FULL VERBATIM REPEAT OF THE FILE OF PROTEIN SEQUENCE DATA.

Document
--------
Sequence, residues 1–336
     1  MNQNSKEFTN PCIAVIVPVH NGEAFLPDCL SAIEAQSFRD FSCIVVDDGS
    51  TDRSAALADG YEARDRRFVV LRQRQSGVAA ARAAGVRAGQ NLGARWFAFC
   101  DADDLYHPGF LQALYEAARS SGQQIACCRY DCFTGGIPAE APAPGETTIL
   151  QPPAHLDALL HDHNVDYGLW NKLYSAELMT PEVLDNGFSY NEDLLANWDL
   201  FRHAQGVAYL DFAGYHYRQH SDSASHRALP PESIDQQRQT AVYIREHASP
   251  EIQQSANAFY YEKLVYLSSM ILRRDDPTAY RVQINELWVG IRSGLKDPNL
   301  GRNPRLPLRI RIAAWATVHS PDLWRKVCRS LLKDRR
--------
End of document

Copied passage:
Sequence, residues 1–336
     1  MNQNSKEFTN PCIAVIVPVH NGEAFLPDCL SAIEAQSFRD FSCIVVDDGS
    51  TDRSAALADG YEARDRRFVV LRQRQSGVAA ARAAGVRAGQ NLGARWFAFC
   101  DADDLYHPGF LQALYEAARS SGQQIACCRY DCFTGGIPAE APAPGETTIL
   151  QPPAHLDALL HDHNVDYGLW NKLYSAELMT PEVLDNGFSY NEDLLANWDL
   201  FRHAQGVAYL DFAGYHYRQH SDSASHRALP PESIDQQRQT AVYIREHASP
   251  EIQQSANAFY YEKLVYLSSM ILRRDDPTAY RVQINELWVG IRSGLKDPNL
   301  GRNPRLPLRI RIAAWATVHS PDLWRKVCRS LLKDRR